WINSTON – A boat ramp built last year in Winston that serves as the city’s only access to the South Umpqua River has been nationally recognized for its usefulness, quality and uniqueness, among other features.
“It’s certainly surprising because, first, we didn’t even know they had an award like that, and secondly, we won something on a national level,” Dick Nichols said.
The ramp is in the Harold and Sid Nichols Park, named after Nichols’ father and uncle. The park is west of downtown Winston off Highway 42.
Family members, volunteers and city staff will travel to Portland next month to receive the Outstanding Small Size Project of the Year award from the States Organization for Boating Access.
“My father (Harold) and uncle will probably be smiling from where they are,” Dick Nichols, 84, said. “We feel this is a nice thing.”
The organization’s website states the group is devoted to the acquisition, development and administration of public recreational boating facilities nationwide.
Ten awards are presented annually. The Winston ramp project was judged to be useful, of high-quality, unique, economical and innovative.
City Manager David VanDermark said the Oregon Marine Board nominated the ramp and funded the $460,000 project with Oregon Department of Fish and Wildlife.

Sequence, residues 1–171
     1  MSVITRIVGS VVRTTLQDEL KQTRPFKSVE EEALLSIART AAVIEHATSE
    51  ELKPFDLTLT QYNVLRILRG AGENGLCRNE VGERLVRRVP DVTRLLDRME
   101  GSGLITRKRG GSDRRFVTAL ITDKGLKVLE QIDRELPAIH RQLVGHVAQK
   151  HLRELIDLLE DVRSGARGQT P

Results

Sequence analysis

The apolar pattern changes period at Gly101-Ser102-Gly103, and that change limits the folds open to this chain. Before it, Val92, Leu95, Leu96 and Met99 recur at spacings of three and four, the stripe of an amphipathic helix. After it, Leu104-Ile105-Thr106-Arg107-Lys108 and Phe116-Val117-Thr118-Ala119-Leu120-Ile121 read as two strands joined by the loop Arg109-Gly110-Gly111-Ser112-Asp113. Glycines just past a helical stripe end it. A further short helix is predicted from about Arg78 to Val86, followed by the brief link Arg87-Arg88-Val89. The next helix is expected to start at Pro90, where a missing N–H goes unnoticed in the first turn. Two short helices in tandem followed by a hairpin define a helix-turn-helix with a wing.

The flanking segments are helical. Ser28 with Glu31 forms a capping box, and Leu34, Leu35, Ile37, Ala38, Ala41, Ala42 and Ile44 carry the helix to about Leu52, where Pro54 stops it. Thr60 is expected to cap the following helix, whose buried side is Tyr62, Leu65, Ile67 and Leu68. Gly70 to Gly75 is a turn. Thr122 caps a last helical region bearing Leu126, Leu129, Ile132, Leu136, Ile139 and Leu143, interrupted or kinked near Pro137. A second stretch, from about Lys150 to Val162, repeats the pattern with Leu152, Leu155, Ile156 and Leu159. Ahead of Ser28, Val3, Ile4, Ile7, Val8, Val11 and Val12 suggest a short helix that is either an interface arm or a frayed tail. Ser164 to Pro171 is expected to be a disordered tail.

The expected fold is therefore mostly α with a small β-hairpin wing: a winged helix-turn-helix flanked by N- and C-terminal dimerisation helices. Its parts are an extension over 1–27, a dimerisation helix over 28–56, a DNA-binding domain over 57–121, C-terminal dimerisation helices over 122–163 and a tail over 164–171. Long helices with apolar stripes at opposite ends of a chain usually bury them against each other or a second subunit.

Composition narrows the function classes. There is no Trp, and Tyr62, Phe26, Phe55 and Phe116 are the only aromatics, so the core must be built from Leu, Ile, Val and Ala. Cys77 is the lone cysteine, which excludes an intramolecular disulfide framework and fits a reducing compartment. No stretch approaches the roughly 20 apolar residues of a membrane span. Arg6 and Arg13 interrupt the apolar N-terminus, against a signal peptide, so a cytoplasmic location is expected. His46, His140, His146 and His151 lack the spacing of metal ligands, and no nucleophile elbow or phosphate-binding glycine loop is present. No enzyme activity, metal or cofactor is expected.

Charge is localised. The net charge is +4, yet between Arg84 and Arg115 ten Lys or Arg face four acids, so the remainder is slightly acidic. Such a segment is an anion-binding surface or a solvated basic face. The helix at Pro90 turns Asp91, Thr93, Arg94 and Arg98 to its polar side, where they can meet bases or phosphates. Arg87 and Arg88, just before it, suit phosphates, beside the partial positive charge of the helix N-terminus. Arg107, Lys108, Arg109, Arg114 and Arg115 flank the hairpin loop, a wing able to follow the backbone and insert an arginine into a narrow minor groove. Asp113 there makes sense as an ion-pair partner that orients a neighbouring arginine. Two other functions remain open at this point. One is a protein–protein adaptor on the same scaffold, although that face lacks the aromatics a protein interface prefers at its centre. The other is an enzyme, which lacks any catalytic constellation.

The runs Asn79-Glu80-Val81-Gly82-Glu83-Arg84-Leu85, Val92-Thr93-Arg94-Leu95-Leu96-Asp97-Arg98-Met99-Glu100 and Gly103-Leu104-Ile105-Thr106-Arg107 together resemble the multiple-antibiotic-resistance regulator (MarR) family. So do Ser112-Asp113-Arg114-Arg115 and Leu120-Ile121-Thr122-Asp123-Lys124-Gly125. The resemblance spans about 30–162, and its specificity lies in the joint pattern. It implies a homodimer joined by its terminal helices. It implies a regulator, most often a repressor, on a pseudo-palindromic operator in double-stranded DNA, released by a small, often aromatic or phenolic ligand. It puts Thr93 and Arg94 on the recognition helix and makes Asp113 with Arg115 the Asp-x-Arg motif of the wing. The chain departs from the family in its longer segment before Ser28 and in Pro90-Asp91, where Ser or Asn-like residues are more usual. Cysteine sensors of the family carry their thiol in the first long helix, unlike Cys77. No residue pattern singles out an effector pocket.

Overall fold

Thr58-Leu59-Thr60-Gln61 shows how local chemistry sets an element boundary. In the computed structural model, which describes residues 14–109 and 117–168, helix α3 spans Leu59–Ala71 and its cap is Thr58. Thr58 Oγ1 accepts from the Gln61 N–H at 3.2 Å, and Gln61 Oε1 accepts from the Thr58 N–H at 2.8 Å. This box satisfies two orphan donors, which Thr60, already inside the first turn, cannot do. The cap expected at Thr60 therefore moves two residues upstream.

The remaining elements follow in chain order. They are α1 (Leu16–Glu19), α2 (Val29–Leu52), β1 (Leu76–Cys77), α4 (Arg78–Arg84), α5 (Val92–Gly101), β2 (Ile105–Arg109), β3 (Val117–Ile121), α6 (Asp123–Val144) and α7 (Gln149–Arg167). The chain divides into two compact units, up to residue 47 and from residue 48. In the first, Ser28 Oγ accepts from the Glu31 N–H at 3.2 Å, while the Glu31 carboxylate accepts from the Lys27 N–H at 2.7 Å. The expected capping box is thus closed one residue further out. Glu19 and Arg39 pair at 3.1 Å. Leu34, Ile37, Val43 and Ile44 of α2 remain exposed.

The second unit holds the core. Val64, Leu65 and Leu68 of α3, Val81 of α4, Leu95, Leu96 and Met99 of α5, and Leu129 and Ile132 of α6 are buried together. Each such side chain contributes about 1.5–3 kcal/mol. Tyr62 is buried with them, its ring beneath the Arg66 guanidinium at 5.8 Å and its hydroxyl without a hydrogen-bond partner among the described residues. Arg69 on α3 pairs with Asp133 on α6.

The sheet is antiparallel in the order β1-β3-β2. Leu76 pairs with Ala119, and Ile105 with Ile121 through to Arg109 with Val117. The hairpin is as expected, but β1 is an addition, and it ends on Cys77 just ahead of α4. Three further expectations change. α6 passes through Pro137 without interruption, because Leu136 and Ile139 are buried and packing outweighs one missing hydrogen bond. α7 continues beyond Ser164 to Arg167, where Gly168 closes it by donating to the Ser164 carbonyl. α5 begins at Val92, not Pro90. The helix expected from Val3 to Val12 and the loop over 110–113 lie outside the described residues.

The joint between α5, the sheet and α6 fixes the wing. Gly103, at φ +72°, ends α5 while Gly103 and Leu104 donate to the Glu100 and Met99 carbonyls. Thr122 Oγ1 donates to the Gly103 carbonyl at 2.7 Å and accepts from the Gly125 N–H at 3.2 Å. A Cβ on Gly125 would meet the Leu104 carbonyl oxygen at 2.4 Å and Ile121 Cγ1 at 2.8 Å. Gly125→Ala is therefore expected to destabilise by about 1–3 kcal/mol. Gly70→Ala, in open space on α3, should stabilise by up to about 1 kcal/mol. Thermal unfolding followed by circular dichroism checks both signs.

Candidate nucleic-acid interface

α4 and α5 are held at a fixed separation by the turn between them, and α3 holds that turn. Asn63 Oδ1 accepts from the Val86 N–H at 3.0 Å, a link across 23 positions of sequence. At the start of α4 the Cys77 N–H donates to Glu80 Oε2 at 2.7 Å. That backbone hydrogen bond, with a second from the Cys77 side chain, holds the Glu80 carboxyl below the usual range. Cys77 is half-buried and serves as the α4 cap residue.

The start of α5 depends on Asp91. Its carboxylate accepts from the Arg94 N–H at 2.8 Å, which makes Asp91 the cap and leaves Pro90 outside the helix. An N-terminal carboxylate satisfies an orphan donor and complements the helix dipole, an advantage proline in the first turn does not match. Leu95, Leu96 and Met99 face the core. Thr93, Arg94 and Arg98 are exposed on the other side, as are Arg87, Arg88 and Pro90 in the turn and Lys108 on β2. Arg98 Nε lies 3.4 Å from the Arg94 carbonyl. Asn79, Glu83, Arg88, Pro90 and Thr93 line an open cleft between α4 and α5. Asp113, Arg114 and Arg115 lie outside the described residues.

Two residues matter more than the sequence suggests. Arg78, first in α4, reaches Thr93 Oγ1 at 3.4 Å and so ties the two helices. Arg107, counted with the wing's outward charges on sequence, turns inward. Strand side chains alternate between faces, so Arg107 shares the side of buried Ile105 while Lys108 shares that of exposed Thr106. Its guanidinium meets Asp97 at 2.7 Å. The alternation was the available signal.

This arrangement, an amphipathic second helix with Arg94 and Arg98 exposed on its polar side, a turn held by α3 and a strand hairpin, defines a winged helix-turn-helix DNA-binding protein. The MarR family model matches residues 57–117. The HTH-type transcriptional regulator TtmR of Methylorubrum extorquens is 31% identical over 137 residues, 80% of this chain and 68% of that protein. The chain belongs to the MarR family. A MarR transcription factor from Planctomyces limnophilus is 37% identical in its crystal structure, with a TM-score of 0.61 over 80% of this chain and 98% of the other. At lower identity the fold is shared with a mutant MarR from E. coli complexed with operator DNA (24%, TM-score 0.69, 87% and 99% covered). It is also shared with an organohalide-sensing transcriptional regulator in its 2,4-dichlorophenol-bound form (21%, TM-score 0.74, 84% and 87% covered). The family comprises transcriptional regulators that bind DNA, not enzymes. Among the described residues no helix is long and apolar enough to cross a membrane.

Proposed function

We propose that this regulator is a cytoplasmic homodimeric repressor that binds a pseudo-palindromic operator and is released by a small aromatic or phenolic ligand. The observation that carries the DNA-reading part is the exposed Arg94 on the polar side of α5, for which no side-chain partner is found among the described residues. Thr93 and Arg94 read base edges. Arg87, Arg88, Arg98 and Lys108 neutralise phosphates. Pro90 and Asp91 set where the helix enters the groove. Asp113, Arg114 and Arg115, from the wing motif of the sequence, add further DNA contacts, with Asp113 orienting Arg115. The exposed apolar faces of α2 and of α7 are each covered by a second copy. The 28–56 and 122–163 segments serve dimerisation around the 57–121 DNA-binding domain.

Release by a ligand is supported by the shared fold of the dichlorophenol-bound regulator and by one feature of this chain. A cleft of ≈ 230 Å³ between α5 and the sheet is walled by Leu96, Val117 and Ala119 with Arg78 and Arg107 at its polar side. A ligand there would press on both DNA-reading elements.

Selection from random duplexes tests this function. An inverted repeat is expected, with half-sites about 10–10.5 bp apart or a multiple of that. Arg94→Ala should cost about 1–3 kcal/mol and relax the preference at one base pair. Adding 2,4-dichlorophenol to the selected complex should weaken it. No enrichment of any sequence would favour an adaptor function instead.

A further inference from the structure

“It’s a long-dreamed project,” VanDermark said.
The Nichols family, which has roots in Winston dating back to 1867, donated 13 acres of property to the city several years ago to develop a park.
“They were the fathers of everybody and we wanted to honor our fathers,” Dick Nichols said of his forebears.
He said the idea to include a boat ramp came from his brother-in-law, Joe Merchep, who took up fishing after retiring and joined the Umpqua Fishermen’s Association, which spearheaded the project.
“He even drew it out so when we gave the land to the city we gave them that, too,” Nichols said. “He was a real driving force.”
VanDermark said Roy D. Garren Construction completed the job last year. The concrete ramp is roughly 20 feet wide and 80 to 100 feet in length.
VanDermark said before the ramp was installed, the only river access for boats was seven miles in either direction of Winston.
“The Oregon Marine Board and Oregon Department of Fish and Wildlife are excited about it because it opens up fishery. It also helps search and rescue (teams) have access when they need to drop in a boat,” VanDermark said.
The ramp is mostly used in the fall, winter and spring, when water levels are higher. Power and drift boats are permitted, VanDermark said.
He said construction encountered several challenges along the way, including unexpected required archaeology testing because the area is a prehistoric Native American site. The Cow Creek Umpqua Tribe funded the $13,000 studies.
A problem arose when it was learned during a pre-construction meeting that the ramp was designed in a “no-digging” area. VanDermark said $50,000 worth of gravel had to be placed to raise the ramp 30 inches off the ground.
VanDermark said despite the few hitches, the project proved to be a nice addition to the community and he is pleased it’s being recognized nationally.
“We know it has opened up the area for people,” he said. “And we welcome anything that is a positive change to the city of Winston.”
•You can reach reporter Christina George at 541-957-4202 or at firstname.lastname@example.org.
They were the fathers of everybody and we wanted to honor our fathers.
Son of Harold Nichols